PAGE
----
Procrastination Amplification: Punditry on MMOs and games in general.

Hide those Numbers

I’m long done with Fable III (or done-ish, since I still mean to do a couple of post game things, such as marrying some random villager. The same way I still mean to finish Fallout: New Vegas, Portal 2, and other games that I simply fail to pick up again after a break of some sort.) I had fun, but I wouldn’t really call it a good game, nor a particularly innovative one. There was one feature in it, though, that I haven’t seen done this way before. The game completely hides numbers during combat, which made it a lot more interesting.

In a normal RPG combat situation I would take a look at depleting health bars, compare them to the amount of damage I’m taking and dealing and then calculate whether I would be able to complete the fight as it is or whether a health potion might be necessary. Fable III gives you no health bars at all. Instead your own condition is simply shown by the fact that the borders of the screen slowly start going red after you take a certain amount of damage. You’re never told just how that relates to the actual damage you took.

This lead to a lot of combat situations in which I felt threatened and either focused much more on dodging or defending or drank a health potion. For all I know I might just have had a scratch or I could have been mortally wounded. Because I didn’t know, I had to act as if red borders on the screen meant that I was about to die and play accordingly.

We often talk about death penalties as a way to make players play cautiously, but Fable III didn’t need that in my case. I was immersed enough that the fights made me feel threatened. That’s good. If I had had a health bar, all that immersion would have been gone and replaced by pure calculation.

Now, I’m a fan of calculating things and I think I might just get bored with a game that doesn’t give me numbers to work with after a while. Then again, I remember tanking on my very first warrior and trying to gauge the amount of threat (and damage, for that matter) I could do by the reaction of the mobs. Later on, I had quite a bit of fun calculating such things, but it was a different kind of fun.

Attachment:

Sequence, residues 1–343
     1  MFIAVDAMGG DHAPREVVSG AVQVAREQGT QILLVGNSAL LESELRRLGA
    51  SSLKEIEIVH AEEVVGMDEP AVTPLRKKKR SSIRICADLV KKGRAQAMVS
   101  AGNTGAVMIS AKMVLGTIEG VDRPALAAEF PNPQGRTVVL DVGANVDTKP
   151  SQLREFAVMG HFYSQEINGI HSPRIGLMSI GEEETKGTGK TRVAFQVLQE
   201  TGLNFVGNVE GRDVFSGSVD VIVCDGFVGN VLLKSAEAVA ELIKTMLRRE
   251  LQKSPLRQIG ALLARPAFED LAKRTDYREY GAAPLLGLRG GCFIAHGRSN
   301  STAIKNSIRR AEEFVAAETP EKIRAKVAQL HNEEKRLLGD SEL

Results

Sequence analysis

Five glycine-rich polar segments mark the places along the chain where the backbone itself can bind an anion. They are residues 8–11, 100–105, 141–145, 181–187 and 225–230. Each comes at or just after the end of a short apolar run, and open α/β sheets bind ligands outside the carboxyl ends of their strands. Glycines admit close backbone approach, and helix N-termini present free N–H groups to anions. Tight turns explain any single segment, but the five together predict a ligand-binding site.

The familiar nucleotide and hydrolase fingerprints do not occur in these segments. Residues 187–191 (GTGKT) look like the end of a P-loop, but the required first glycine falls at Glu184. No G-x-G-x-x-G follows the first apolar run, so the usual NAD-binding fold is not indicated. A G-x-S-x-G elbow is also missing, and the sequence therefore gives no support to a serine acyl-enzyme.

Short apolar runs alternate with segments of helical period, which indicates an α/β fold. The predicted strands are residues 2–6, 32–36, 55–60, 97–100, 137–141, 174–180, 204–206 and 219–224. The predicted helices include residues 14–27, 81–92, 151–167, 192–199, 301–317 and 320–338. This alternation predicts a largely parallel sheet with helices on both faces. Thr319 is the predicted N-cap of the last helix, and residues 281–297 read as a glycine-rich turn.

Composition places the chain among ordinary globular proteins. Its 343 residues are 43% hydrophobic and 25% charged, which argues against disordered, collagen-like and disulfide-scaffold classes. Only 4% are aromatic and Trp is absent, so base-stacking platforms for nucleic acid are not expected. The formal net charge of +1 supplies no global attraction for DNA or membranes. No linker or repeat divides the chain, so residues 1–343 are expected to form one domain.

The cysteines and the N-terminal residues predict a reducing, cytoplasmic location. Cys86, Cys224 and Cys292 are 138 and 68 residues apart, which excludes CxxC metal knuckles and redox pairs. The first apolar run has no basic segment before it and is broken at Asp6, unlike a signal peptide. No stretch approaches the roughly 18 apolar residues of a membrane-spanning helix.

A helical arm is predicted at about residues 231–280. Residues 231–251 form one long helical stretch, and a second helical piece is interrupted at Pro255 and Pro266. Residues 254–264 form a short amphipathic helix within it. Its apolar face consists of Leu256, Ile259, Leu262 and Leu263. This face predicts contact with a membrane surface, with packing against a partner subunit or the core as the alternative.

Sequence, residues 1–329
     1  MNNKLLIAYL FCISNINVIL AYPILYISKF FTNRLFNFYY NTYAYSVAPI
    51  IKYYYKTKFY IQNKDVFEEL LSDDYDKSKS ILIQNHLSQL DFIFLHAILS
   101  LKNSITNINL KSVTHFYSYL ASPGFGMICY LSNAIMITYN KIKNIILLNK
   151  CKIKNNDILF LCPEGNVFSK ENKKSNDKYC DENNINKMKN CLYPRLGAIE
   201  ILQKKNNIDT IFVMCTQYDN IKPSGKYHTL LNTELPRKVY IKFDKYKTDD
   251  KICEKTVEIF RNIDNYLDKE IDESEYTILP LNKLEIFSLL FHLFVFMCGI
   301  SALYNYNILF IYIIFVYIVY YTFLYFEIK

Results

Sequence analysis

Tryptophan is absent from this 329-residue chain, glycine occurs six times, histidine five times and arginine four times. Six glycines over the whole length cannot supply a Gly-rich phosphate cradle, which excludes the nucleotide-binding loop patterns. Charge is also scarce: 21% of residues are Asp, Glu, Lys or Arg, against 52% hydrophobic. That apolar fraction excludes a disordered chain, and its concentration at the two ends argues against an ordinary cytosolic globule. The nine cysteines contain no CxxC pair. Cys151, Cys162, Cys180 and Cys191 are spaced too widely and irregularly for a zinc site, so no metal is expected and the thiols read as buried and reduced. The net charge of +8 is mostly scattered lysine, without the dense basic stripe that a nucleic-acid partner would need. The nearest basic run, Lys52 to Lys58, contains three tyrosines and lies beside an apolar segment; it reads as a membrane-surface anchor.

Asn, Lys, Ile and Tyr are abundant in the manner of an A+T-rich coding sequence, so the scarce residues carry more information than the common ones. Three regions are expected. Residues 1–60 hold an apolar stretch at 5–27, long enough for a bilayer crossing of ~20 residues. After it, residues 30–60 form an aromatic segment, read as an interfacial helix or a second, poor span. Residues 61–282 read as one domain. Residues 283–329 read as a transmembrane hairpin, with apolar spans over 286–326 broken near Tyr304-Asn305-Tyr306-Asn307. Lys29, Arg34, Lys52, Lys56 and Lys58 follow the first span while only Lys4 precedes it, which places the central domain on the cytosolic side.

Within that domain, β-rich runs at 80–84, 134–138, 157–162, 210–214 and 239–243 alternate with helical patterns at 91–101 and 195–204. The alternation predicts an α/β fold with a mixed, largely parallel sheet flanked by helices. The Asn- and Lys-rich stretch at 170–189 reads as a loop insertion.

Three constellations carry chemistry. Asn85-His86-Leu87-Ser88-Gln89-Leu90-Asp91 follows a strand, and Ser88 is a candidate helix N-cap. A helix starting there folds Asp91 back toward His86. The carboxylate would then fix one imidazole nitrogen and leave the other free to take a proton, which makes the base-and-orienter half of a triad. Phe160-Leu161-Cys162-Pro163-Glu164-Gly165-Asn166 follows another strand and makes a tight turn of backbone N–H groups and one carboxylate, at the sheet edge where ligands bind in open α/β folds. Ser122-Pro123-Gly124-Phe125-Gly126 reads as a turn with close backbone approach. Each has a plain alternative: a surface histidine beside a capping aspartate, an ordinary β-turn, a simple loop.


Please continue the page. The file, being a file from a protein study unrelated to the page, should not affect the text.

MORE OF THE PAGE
I’m really not sure if a system like that of Fable III would even work in an MMO or if people would just make detailed charts of what each shade of red means exactly. What I’m sure of, though, is that is quite useful to try and hide things from your players in a single-player game. Play make-believe if you will. And don’t forget that you can rely on a certain willing suspension of disbelief to help you along the way. I know that Fable uses numbers internally and I know that I could probably char the meaning of the different reds. I was still willing to suspend that disbelief and play along because I realized that it increased my enjoyment.


  • I’ve seen that in Call of Duty before and I, too, think this is worth a very serious look for any (MMO)RPG. It’s certainly not desired by hardcore raiders, but for the rest of us it might improve the game by a lot.

    I haven’t thought this through yet and didn’t even make a post on the topic, but it could really help the player to immerse in the world, instead of engaging in statistics. Especially if the red-ness of the screen is not exactly precitable.